Saturday, July 22, 2006

Food as anthropology : Cocktail Meatballs with Chutney

This recipe was one Mum served year after year at "Principal's Cocktails", the annual Christmas event, when my Dad, or the other Principal hosted the staff and their partners for drinks and nibbles. It's always been a great favourite.

It comes from the Glennys Raffles Cookbook "Microwave the New Zealand Way". When we first got a microwave in 1985, this was a best seller. Although it didn't reach the biblical status of the Edmonds Cookbook, it was a classic of its time. It seems to be available only on Trade Me these days.

It's quoted in this link to a paper by Helen Leach of the University of Otago's anthropology department entitled What Do Cookery Books Reveal about the Evolution of New Zealand Pavlovas? . I don't make pavlovas (not my specialty), so I'm not posting any recipes for them! Read the paper for recipe evolution.

Alison Holst has also written in the past about fashions in food - think fondues and quiche in the 70s, Pizza with tinned spaghetti on it in the 70s and 80s, and Italian and sushi in the 90s.

Anyway, the recipe! I've added comments based on my experiments over the years, so blame me and not Glennys if this doesn't work.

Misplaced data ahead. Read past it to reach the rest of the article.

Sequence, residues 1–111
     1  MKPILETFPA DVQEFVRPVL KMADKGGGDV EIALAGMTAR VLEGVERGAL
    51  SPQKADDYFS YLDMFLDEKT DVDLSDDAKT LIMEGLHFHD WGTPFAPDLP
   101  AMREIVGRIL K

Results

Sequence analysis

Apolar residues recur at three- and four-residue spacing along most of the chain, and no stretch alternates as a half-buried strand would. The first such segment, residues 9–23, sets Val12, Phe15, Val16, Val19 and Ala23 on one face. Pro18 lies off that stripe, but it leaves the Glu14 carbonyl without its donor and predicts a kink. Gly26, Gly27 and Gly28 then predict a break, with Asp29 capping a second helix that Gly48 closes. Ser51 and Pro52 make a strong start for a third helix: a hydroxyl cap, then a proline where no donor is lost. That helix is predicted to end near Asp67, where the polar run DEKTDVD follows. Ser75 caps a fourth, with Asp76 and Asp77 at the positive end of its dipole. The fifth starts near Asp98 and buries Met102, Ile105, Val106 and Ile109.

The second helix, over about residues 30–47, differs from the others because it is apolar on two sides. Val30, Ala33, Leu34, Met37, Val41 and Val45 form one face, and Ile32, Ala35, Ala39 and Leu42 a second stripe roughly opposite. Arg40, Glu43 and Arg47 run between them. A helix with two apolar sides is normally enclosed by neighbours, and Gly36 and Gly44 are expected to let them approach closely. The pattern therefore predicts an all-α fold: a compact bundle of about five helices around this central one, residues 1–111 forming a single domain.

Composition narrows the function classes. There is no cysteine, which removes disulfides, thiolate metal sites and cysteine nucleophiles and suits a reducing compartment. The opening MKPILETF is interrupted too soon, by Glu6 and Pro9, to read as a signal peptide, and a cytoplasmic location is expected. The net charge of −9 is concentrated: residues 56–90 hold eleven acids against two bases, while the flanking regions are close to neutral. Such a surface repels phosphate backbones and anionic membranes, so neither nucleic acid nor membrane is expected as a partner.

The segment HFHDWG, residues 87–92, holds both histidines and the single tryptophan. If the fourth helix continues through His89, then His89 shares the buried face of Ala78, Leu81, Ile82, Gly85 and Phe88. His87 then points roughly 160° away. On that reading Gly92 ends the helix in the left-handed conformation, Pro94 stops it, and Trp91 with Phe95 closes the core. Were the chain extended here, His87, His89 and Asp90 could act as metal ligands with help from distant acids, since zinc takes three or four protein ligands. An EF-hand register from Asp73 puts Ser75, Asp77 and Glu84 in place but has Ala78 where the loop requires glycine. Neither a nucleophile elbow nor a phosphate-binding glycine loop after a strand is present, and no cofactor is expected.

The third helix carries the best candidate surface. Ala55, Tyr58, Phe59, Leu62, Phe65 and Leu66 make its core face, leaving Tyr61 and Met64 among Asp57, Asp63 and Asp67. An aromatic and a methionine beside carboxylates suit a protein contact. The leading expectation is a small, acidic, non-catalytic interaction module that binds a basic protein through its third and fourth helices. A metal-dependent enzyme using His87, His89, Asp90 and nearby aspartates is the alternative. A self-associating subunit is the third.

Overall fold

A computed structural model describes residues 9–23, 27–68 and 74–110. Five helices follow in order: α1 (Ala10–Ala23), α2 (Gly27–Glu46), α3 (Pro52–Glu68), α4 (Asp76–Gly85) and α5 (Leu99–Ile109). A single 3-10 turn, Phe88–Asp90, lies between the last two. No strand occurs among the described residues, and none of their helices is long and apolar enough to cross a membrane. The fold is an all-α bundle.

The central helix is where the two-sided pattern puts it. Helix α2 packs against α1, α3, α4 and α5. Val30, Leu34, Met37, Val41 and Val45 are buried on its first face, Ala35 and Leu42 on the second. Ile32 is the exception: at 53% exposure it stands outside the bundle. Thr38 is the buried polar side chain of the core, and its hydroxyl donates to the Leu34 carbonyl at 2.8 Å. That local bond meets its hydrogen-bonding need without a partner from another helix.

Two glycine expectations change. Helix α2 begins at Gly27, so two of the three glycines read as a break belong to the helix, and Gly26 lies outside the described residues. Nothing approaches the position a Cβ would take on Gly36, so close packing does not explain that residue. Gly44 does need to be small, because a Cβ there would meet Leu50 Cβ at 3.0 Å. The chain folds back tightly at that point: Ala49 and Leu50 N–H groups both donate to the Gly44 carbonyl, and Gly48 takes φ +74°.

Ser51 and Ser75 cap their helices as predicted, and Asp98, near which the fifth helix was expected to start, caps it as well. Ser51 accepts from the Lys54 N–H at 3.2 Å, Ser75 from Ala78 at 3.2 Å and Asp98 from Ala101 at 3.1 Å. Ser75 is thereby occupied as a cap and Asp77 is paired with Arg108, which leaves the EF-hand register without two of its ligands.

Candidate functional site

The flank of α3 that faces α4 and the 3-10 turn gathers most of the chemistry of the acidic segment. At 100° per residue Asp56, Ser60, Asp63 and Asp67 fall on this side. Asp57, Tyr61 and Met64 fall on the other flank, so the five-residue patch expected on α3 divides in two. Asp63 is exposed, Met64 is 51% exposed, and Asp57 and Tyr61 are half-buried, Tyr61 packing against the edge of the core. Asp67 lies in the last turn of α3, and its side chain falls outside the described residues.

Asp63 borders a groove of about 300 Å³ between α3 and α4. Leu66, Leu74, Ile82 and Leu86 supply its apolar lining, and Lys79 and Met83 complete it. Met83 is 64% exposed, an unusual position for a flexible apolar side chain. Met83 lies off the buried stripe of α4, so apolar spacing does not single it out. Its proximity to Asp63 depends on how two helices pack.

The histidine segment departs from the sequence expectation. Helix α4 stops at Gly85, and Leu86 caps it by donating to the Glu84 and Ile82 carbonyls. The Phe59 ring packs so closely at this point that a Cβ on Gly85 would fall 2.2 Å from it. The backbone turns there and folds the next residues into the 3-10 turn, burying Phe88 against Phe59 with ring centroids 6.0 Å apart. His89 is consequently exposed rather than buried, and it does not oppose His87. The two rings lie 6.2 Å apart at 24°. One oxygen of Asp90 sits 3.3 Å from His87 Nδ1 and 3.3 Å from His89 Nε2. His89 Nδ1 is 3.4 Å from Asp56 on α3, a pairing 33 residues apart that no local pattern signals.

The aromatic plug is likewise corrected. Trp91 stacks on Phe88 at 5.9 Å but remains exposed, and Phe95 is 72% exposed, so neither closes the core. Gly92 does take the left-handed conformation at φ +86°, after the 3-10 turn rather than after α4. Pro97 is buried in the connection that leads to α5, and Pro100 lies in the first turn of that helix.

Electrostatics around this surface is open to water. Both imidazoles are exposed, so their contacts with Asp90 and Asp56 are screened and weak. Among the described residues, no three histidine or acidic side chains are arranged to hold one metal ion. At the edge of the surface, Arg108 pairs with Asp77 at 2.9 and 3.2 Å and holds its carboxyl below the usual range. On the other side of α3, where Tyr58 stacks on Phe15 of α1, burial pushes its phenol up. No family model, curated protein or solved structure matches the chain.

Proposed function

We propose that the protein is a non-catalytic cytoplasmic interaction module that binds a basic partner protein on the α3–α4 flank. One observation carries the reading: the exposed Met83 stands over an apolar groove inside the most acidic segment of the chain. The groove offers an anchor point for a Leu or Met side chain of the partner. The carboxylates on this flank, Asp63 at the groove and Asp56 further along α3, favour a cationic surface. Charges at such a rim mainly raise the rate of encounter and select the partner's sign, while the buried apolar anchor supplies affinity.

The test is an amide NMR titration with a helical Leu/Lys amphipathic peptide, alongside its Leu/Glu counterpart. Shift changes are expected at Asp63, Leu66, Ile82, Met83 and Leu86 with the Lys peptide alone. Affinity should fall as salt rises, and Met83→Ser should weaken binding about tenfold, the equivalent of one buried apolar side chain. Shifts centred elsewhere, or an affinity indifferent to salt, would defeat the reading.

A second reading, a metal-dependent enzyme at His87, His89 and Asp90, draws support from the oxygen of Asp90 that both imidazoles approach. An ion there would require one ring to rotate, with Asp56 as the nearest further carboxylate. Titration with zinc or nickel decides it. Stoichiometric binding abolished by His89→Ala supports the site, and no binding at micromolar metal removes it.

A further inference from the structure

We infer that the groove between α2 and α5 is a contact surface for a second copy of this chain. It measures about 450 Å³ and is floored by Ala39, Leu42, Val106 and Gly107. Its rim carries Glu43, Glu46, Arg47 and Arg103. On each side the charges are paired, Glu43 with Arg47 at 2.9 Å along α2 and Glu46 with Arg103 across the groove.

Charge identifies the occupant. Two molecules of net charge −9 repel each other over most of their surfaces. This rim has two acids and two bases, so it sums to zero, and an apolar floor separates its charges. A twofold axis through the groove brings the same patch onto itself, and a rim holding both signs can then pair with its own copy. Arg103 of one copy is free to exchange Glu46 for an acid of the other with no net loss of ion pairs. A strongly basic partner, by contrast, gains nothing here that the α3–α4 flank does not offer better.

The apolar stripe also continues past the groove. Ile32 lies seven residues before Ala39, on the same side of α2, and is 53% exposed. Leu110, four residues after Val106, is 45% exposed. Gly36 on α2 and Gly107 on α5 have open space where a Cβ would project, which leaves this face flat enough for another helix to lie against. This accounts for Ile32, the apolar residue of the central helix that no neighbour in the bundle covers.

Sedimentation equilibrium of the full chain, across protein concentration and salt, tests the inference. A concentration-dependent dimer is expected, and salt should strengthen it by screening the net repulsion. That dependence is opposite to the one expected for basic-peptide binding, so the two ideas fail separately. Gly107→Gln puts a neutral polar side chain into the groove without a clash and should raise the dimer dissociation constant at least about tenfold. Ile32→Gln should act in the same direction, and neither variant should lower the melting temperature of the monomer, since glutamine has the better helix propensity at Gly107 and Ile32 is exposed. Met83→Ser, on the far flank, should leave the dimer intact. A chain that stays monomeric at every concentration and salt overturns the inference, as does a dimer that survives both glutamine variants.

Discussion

Recipe part 1: the Meatballs
500g topside steak mince
1/2 c fresh breadcrumbs
1/4 c milk
1/2 c coconut (the secret ingredient!)
1 small onion finely chopped
1 egg
2 teaspoons Worcester Sauce
1/2 teaspoon salt,
1/8 teaspoon pepper

Mix all ingredients with wet hands, shape the mixture into 1 inch balls. Arrange half the meatballs in a flat dish or roaster, cover with waxed paper, and cook on high (100%) for 2 minutes. Stir to rearrange them, and continue cooking until meatballs are no longer pink inside (1-2 minutes). Then cook the other half!

They also cook fine in an oven - maybe 20 minutes - haven't timed it recently. As a general rule, use your nose. Mum always said, if you can smell something, it's probably cooked. It works for cakes anyway.

Recipe part two: the chutney sauce

1/2 cup tomato chutney or sauce (either works well)
1/3 cup plum (or other jam)
2 Tablespoons orange (or other fruit juice)
2 teaspoons mustard
Salt and pepper to taste

My general rule: trust your tastebuds! Varying the ingredients a little for the sauce won't be fatal - go on, experiment!

Cook gently on the stove or microwave on high for 2 minutes. Stir in meatballs, and continue cooking until meatballs are hot.

This freezes really well (we'd do huge batches for the cocktails).

It's also quite yummy with pasta, although you might want to tone down the sauce a bit (or maybe not!).